Yes naturally I realize that there are downsides to both devices, and I gladly give credit to the IPhone UI, but personally I'd rather deal with a command-line UI if I had to choose between functionality and having a fancy but incapable toy.

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Asterisk My Not So Great Experience with Grandstream HT-502 ATA

Posted by Admin • Friday, March 13. 2009 • Category: Asterisk
I got 3 of these Grandstream HT-502's for a client's Asterisk setup, and I picked Grandstream basically because they were cheap (client on a budget) and I found no bad reviews. They were ordered February 2009.

First impressions: They are tiny, like two EZ-Passes stacked on top of each other. They are cute, and have all the features you'd expect or even desire in such a device: Dual WAN (routed or bridged, with port forwarding), two FXS ports, some status LEDs, remote configuration and pull provisioning, syslog support, etc.

Well that was the good news...

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Code and Hacks MySQL Master-Master Replication over a Secure Stunnel Connection (SSL)

Posted by Admin • Saturday, February 7. 2009 • Category: Code and Hacks
I threw this together because I had to figure it out myself. I found info on how to setup master-master, and I found info on how to set up MySQL replication over stunnel. But master-master over stunnel turned out to be a little different. Not much, but here it is.

First of all - I won't go into the steps for setting up Master-Master itself - that's very well documented. Let's assume that you can convince one of your mysql's to slave off the other, and vice versa. (I used this page as a guide).

With that accomplished, let's assume that the boxes are not sitting next to each other but are in separate colo's or offices, and have some insecure internet to go between them (or maybe you don't even trust the local LAN). Yes, MySQL does have built-in SSL stuff, but so far the consensus is that it's rather difficult to work with. Moreover, I am more willing to trust stunnel (just my feeling on it).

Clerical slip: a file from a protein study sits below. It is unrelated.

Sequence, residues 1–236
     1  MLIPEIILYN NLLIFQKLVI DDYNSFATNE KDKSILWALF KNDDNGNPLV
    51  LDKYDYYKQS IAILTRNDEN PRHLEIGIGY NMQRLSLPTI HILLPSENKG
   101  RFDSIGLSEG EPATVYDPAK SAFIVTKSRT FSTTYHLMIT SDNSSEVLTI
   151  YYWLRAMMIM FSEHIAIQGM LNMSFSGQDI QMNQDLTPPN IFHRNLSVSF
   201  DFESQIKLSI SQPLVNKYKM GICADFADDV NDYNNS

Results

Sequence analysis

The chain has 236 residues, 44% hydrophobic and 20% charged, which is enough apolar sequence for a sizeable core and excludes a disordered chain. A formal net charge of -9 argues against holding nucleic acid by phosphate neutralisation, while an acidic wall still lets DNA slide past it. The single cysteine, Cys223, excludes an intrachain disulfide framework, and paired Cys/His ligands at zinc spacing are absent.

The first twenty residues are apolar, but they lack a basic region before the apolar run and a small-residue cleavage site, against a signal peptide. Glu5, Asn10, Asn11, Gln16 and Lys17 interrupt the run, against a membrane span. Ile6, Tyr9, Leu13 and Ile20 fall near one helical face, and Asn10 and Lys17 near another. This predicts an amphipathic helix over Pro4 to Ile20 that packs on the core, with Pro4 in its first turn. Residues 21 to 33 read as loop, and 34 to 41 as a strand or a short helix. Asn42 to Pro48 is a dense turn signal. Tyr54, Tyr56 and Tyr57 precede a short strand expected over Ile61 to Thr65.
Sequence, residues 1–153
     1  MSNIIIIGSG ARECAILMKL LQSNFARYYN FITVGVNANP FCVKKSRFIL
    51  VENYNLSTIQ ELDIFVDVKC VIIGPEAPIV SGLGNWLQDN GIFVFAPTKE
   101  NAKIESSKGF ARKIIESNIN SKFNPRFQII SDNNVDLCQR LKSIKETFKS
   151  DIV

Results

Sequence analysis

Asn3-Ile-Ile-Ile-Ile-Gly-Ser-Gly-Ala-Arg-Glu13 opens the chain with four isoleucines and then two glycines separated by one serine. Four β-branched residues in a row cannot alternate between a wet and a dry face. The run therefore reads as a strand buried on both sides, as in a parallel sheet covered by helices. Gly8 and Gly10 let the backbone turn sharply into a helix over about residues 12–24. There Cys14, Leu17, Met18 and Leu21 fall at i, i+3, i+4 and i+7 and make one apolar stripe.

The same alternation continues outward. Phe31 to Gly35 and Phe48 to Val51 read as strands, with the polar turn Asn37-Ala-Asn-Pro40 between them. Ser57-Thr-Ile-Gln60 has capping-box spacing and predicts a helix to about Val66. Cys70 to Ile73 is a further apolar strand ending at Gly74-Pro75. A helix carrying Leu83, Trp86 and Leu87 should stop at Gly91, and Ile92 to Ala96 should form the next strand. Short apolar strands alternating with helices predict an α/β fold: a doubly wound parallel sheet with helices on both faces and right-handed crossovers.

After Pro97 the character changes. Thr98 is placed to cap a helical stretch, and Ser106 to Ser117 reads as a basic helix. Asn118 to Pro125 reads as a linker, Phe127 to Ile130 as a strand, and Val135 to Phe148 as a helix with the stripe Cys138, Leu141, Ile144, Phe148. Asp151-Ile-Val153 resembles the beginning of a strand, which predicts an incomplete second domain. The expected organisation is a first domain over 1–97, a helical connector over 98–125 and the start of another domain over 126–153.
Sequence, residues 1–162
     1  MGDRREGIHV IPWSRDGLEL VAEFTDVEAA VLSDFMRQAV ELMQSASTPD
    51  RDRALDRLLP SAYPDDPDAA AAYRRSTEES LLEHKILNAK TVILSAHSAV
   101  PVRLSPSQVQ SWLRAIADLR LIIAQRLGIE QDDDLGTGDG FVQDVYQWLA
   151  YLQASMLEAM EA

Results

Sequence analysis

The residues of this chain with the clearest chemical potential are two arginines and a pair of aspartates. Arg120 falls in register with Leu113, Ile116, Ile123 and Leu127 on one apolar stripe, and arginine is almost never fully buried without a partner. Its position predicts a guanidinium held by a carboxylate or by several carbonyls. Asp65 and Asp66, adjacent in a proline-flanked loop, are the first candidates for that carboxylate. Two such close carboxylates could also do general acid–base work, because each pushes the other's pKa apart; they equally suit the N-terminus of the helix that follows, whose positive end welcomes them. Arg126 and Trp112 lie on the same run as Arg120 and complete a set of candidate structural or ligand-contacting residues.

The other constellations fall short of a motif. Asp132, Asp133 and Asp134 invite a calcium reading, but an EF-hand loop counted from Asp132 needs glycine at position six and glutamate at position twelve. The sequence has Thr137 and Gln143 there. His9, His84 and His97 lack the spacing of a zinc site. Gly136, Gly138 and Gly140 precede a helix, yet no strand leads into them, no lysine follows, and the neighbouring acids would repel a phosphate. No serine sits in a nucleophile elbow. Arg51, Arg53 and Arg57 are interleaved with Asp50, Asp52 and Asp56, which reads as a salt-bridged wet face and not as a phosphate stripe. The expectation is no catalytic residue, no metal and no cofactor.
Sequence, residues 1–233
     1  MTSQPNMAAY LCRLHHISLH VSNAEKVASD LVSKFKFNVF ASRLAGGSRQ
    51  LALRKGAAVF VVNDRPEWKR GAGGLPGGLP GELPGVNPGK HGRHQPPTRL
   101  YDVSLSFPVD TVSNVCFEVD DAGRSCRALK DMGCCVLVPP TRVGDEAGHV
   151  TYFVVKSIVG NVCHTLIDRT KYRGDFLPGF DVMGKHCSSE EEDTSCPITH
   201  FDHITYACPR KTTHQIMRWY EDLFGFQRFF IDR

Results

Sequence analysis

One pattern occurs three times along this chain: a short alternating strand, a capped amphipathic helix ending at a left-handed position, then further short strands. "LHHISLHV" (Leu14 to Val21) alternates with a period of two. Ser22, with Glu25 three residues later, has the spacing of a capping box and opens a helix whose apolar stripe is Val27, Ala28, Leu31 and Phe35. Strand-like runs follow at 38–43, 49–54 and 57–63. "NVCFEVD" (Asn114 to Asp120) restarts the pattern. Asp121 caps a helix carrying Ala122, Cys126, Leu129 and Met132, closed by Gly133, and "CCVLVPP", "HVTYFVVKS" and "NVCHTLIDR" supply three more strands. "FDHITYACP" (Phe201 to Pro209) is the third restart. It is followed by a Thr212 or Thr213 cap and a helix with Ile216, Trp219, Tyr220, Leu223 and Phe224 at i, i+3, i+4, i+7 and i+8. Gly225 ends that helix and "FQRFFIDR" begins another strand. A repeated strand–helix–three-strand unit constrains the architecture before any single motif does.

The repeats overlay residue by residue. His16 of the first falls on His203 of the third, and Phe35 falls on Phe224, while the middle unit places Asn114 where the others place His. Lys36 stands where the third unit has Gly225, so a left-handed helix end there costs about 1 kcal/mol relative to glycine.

Why not use ssh? Using something like ssh -n with a for loop that restarts it just doesn't sound enterprise-grade. I want something that actively reconnects when needed, based on active usage, and is actually intended for this. I still use SSH for port tunnelling all the time, but those are short-lived tunnels for my own personal use or debugging.

So our goals are: Secure transport and identity validation. Here we go.

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Asterisk Data Warehousing and Metrics with Asterisk PBX

Posted by Admin • Sunday, February 1. 2009 • Category: Asterisk
An Asterisk installation I am doing for a client has the promise of two interesting developments in the near future:

  1. Writing a CDR/Voicemail status-tracking application that makes sure that all client voicemails are handled within one hour and keeps track of what was done
  2. A future custom metrics/data warehouse implementation that will use both the CDR and VoiceMail data

With that in mind (and the fact that I'm using Mysql master-master replication across offices) I looked into storing the voicemails in the database as well. This is fairly well-documented. I had this up and running in no time, and now for each voicemail I have a neat row in my MySQL table.

The problem is - how do I connect the row in CDR table to the matching voicemail row? There are no columns that have data to allow you to do match one to the other. Even timestamps, if you were so desperate, are not exactly the same! So this is how I did it.

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Low Tech Hacks Getting your refrigerator to run without a start relay while you wait for the part

Posted by Admin • Monday, January 19. 2009 • Category: Low Tech Hacks
It took me 24 hours to notice that my Maytag top-freezer refrigerator (PTB2454GR) stopped cooling. (OK the puddle on the floor helped me notice). When it started (Saturday morning, I think), there was a click, 10 seconds of buzzing, then silence. This would repeat every 2-3 minutes. I didn't think much of it, thinking it's the ice maker acting weird. What I should have noticed was the complete absence of compressor noise - just the fan. Actually, there wasn't even that noise - it was silent.